The Joys of Being Black
If it’s such an overwhelming advantage to be a black man running for president of the United States,
it’s amazing that the first 43 have been white. No doubt Geraldine
Ferraro, the former Democratic vice presidential candidate, expects the
next 43 presidents to be African American now that she has declared
that being a black male carries such tremendous benefits in American
Still, there are a just a few, tiny disadvantages that go along with all the bountiful privileges bestowed upon African-American males in our society. You know, tiny drawbacks hardly worth mentioning, such as the fact that one out of every three black males born today can expect to be incarcerated. And, in our cities, more than half of black males won’t finish high school and as many as 70% will be unemployed.
Aside from that, being a black male in America is a day at the beach, especially for those running for public office. Well, once again, there are a few, minor disadvantages. It almost seems impolite to mention them, given all the overwhelming advantages African-American males enjoy. But there’s the fact that, here in Wisconsin, no African-American judge can ever climb so high as to avoid having his photograph flashed across the state, equating him with a child molester.
That is the experience of Wisconsin Supreme Court Justice Louis Butler, the state’s first—and only—African American to sit on its highest court. Before Burnett County Judge Michael Gableman began running against Butler, there were fears that outside groups without any connections to the two candidates might run irresponsible ads smearing the candidates.
Now it turns out that Gableman’s own ads have trumped all outside commercials when it comes to trying to mislead the voters with inflammatory, racist advertising. The ad itself should tell voters all they need to know about the honesty and character of Gableman, an obscure northern Wisconsin judge attempting to unseat Butler. The ad suggests that Butler, as a Supreme Court justice, single-handedly freed a child molester from prison and, as a result, the heinous monster raped another child.
As brazenly offensive as that
allegation is—not to mention the fact that it is completely untrue—even
more offensive is the racial imagery employed in the ad. A split screen
juxtaposes a smiling black-andwhite photo of Butler with a police mug
shot of convicted child molester Reuben LeeMitchell.
The effect is like a Klan poster: Guess which black man is the child molester and which one is the Supreme Court justice.
Insulting Our Intelligence
any intelligent voter, Gableman’s ad raises all sorts of factual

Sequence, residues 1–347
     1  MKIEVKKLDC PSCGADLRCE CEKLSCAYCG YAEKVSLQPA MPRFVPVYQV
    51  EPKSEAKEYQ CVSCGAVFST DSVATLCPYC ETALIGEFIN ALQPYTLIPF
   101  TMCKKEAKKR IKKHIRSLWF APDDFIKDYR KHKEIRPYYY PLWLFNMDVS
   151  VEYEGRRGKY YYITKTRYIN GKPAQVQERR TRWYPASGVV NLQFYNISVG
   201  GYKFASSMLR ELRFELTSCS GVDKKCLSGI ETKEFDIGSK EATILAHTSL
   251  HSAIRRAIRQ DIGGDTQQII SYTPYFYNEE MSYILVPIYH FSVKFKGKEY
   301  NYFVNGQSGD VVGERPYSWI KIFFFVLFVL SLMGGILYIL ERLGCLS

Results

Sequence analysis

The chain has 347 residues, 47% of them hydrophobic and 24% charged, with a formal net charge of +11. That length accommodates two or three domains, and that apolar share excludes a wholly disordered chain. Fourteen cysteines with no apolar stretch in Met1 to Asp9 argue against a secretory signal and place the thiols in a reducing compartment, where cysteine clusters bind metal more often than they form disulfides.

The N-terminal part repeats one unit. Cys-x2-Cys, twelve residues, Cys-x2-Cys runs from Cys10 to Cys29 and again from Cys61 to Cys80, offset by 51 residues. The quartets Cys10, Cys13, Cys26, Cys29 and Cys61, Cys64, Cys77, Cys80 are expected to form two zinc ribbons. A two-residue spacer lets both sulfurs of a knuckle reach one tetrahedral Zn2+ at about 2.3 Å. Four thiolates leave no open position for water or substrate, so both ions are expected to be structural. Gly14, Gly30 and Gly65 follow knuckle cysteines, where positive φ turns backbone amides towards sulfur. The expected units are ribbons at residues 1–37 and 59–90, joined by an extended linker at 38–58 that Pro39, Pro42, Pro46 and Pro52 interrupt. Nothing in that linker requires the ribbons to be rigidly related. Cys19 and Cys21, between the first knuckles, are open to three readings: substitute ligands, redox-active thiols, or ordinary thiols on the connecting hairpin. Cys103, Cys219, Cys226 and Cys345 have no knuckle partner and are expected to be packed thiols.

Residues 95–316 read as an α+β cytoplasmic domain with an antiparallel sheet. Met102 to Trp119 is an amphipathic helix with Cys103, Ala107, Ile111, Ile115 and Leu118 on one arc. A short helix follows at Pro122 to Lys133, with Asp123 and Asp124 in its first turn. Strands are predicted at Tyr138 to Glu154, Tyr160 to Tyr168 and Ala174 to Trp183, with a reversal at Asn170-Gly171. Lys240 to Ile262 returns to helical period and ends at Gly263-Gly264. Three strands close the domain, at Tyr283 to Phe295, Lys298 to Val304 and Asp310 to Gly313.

questions. What was the rest of the Supreme Court doing while Butler
was setting free a child molester? Why haven’t we ever heard about this
outrageous case before? Gableman clearly is hoping that not very many
voters will be intelligent. He’s counting on the visceral reaction of
voters against Butler after he has been tarred as someone who aids and
abets child molestation. The fewer questions, the better—because the
primary reason we have never heard about this case is that it never
It is true that as a public defender a quarter of a century ago Butler was assigned to handle an appeal of Mitchell’s conviction. It is also true that Butler won a new trial for Mitchell. But Mitchell never went free as a result. In fact, the Wisconsin Supreme Court overturned the appeals court decision and reinstated Mitchell’s conviction. Mitchell served his entire, required sentence. Some years later, after serving his sentence, Mitchell committed another crime involving a 14-year-old runaway. There was nothing Butler, Gableman, the Wisconsin Supreme Court or anybody else could have done about that.
Besides dishonestly twisting the facts, Gableman’s ad implies that the Wisconsin Supreme Court has something to do with sentencing child molesters. “Can Wisconsin families feel safe with Louis Butler on the Supreme Court?” Gableman’s ad asks.
The obvious answer to that question, by the way, is yes. The Wisconsin Supreme Court doesn’t sentence offenders. It returns cases to lower courts for retrial if those courts have failed to follow the law. But Wisconsin families wouldn’t have to worry even if the Supreme Court did sentencing.
When Butler was a judge in Milwaukee County, he had a reputation for tough sentences. That’s why the Milwaukee Police Association has endorsed him. No matter how high African Americans may rise in this country—whether they’re running for the presidency or sitting on the Wisconsin Supreme Court—they can never seem to rise above scurrilous racial smears.
If they aren’t suspected of being secret Muslim terrorists, they’re accused of being friends of child molesters. It’s a good thing African Americans have all those other advantages in politics Geraldine Ferraro was talking about. What were those again?
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